The Disneyland outbreak “was bad, but it also allowed California to look at what was going on here and try to figure out a way to fix it,” Karlamangla told me. The outbreak “captured the attention of the public” and “advanced the national conversation about immunization,” according to a presentation prepared by an epidemiologist with the California Department of Public Health.

New cases linked to the Disneyland outbreak were still emerging in February 2015 when Dr. Richard Pan, a state senator who’d spent decades as a pediatrician before taking elected office, proposed controversial legislation that would curb “personal belief” vaccine exemptions.

According to that state epidemiologist’s report, it’s unlikely that the attention surrounding the Disneyland outbreak changed the views of individuals “with strongly held beliefs” about vaccines, but parents who “were ‘on the fence’ may have been influenced.”

By the end of June 2015, state lawmakers had passed one of the toughest mandatory vaccination requirements in the nation, making California one of three U.S. states that do not allow personal or religious belief exemptions for vaccines.

That law, which went into effect on July 1, 2016, “changed the behavior of impassioned resisters more effectively than a thousand public service announcements might have,” as the New York Times put it.


The data in Krishnakumar and Karlamangla’s story show that the state’s falling measles vaccination rate reversed after the Disneyland outbreak and ensuing legislation. In 2017, the state measles vaccination rate climbed to 96.9%.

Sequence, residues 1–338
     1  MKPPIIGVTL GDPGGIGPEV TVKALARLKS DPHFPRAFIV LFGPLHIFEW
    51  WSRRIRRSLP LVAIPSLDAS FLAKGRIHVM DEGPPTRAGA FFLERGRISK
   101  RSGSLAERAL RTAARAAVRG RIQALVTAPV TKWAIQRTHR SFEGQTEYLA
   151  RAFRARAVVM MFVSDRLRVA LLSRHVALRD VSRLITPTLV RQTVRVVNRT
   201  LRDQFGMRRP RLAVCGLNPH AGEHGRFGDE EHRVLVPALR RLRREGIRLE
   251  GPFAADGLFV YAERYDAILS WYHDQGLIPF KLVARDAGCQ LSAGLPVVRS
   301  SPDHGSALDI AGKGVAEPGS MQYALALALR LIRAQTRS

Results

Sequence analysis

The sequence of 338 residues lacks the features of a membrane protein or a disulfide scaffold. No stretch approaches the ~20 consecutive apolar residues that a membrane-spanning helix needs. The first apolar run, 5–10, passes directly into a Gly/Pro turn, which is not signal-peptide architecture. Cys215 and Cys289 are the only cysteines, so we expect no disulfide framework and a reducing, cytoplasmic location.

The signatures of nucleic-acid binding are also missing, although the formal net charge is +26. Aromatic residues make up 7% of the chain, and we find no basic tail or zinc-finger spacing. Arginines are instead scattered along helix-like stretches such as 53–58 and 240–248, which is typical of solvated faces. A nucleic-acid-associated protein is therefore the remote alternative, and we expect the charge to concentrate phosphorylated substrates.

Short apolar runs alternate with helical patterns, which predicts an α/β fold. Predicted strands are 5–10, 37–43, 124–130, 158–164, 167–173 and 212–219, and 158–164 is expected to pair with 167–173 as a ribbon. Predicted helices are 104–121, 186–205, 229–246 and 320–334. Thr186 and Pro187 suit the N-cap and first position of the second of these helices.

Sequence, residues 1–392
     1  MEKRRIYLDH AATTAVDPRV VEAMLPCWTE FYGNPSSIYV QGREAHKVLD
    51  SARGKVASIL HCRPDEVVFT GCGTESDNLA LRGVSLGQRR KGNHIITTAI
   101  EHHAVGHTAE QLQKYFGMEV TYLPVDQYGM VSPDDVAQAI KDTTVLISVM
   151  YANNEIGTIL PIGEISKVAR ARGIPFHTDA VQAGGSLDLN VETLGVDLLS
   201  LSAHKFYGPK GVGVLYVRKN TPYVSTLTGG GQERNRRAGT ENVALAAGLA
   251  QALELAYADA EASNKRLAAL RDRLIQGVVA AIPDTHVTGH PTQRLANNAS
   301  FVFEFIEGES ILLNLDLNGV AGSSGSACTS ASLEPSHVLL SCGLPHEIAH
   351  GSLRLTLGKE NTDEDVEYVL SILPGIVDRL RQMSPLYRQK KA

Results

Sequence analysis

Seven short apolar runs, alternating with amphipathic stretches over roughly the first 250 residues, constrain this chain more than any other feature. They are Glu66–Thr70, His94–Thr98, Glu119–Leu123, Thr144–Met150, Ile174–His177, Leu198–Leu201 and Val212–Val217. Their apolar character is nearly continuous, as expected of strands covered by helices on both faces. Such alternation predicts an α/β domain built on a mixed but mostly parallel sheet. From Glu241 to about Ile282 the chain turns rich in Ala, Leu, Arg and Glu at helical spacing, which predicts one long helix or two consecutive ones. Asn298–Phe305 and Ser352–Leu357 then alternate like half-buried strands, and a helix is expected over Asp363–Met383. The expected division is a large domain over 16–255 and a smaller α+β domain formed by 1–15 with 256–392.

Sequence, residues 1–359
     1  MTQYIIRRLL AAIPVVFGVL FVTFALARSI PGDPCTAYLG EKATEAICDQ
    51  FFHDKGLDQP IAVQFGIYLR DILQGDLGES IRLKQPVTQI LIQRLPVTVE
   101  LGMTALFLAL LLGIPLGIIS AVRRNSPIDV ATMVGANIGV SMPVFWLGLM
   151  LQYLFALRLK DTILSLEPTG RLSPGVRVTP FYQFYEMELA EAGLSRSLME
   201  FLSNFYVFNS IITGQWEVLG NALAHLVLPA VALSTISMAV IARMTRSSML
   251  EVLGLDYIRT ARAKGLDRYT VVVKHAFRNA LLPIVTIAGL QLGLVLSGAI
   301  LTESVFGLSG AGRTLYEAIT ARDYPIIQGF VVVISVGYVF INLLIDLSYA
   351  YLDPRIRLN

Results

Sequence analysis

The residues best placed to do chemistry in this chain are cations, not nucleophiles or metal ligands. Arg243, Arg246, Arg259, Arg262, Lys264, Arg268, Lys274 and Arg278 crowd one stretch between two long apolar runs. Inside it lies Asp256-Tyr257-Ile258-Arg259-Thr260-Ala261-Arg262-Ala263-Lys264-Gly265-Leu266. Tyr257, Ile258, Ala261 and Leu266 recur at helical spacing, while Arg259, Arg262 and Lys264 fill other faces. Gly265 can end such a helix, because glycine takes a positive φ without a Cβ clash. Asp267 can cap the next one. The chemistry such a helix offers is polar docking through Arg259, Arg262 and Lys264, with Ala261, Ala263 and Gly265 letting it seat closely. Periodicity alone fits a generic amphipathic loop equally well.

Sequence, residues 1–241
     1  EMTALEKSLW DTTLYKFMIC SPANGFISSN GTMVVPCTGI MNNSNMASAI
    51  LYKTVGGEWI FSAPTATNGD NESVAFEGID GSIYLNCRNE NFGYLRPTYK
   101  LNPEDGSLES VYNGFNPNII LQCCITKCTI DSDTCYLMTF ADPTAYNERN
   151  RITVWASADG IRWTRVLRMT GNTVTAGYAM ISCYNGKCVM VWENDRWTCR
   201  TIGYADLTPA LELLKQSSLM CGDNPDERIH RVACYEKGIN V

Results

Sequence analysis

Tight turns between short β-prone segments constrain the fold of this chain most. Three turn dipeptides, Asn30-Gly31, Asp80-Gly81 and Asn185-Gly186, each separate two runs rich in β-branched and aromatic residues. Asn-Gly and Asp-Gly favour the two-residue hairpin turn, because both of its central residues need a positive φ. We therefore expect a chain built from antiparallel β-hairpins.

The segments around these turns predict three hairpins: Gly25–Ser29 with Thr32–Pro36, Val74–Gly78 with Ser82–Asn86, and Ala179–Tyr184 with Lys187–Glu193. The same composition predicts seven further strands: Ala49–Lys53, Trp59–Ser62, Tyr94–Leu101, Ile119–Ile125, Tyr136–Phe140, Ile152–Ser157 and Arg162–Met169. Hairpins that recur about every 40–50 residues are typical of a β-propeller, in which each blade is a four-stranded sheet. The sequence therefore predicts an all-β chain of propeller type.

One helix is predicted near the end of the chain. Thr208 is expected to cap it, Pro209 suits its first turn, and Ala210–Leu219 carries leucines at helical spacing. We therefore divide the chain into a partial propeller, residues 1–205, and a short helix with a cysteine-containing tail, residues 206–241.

Krishnakumar and Karlamangla’s story makes clear that the law “hasn’t been a silver bullet,” and many individual California counties still have vaccination rates below that 95% threshold required for herd immunity. But things could be much worse.

And now, here’s what’s happening across California:


Gov. Gavin Newsom faces his first real test in the coming days, when he will release his revised state budget and brave the ensuing negotiations. Newsom’s very real challenge is a quandary of quantity: more tax revenue, yes, but also more Democrats in the Legislature after last year’s election landslide and more demands to raise spending. Whatever happens — and the extent to which he acquiesces or fights back against demands — could set the tone for the rest of his term, writes Times Sacramento bureau chief John Myers. Los Angeles Times

Amid a larger surge in tech worker activism, more than 200 workers at Riot Games walked out of the video game developer’s Los Angeles headquarters Monday to protest the company’s use of forced arbitration to handle sexual discrimination lawsuits. Los Angeles Times

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Five years after the Sepulveda Pass widening, traffic on the 405 Freeway remains terrible. In fact, it’s actually, uh, getting slower. Curbed LA

Armed with a 35mm camera, multimedia journalist Samanta Helou Hernandez has been documenting life along a changing stretch of the L.A. River between Lincoln Heights and Frogtown for her series “Gente del Rio.”

“I do a lot of work around gentrification and I’m really interested in preserving histories and legacies around L.A. as the city is changing,” Helou Hernandez told me, explaining that the communities around the section of the river that she’s been documenting have traditionally been Latino and working-class. The LAnd Magazine